Resembling castles made of oversized Lego-like concrete blocks, an oyster reef breakwater project meant to buffer a vulnerable shoreline has been taking shape just offshore in Cumberland County. Some 100 feet off Gandy’s Beach, oysters have begun attaching to two 20-foot-long, 10-foot-wide, seven-block-high structures. Other are beginning to grow on massed bags of recycled clam and oyster shells. In both cases, these oysters are not destined for the table.
Rather, they are instrumental to a living shoreline project designed to improve the ecology of the Delaware Bay while simultaneously protecting a stretch of eroding coastline that was hit especially hard by Hurricane Irene and Tropical Storm Lee in 2011, and then eroded further by Hurricane Sandy in 2012.
“I’ve been working in that area for ten years. “The amount of habitat loss—sandy beach and marsh that has eroded away— has been significant,” says Moses Katkowski, coastal project manager for The Nature Conservancy, which is heading the project in partnership with the U.S. Fish and Wildlife Service, the Partnership for the Delaware Estuary, and Rutgers University’s Haskin Shellfish Research Laboratory. “By some estimates, we’re losing about an acre a day of the 140,000 acres of tidal marsh in the Delaware estuary.”
The effort to build a 3,000-foot reef, stage two of which will begin this spring, is funded by $880,000 awarded to the U.S. Fish and Wildlife Service from Department of the Interior Hurricane Sandy resilience funds. The money will cover materials and labor costs, as well as ongoing scientific monitoring of bay wildlife and vegetation. Additionally, sensors attached to both sides of the reef will collect wave height data to determine how significantly the structure reduces wave energy. Among other benefits, one hope is that the nearshore oyster reef will create conditions that are ideal for horseshoe crab breeding.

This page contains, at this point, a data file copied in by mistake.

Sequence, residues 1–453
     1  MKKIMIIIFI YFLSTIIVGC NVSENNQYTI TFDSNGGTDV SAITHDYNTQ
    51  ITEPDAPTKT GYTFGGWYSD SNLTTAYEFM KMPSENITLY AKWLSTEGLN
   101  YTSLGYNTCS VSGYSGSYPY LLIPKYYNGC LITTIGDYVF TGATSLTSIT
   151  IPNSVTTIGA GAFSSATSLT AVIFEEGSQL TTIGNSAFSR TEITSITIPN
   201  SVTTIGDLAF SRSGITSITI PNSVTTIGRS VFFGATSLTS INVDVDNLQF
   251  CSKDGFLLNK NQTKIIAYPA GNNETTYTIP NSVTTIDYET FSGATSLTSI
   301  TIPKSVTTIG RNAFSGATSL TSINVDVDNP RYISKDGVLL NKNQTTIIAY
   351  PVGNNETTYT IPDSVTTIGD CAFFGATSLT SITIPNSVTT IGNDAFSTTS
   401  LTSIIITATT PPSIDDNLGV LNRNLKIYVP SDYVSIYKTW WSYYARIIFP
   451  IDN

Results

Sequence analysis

This is not the only project of its kind in the state, but one of the first. A similar but smaller oyster reef was constructed in April 2015 at South Reeds Beach in Cape May County, spearheaded by the American Littoral Society and the Conserve Wildlife Foundation of New Jersey.
At Gandy’s Beach, oyster bagging efforts are about halfway to their goal of 15,000 bags of shells. In spring 2016, helping hands will come from volunteer ROTC groups and Cumberland and Atlantic County schoolchildren. The effort is being led by Project PORTS (Promoting Oyster Restoration Through Schools), run by Lisa Calvo at the Haskin Shellfish Research Lab.
To date, most of the recycled shells have come from surf clam processor LaMonica Fine Foods in Millville. Doing his part, Katkowski makes weekly trips to Dock’s Oyster House in Atlantic City. “I’m picking up 100 to 150 gallons of oyster shells a week,” he says. Many times that multitude of shells are thrown away weekly at the state’s many seafood restaurants— leaving ample opportunity for a Jersey-based oyster shell recycling program, similar to one that has been aiding the Chesapeake Bay for years.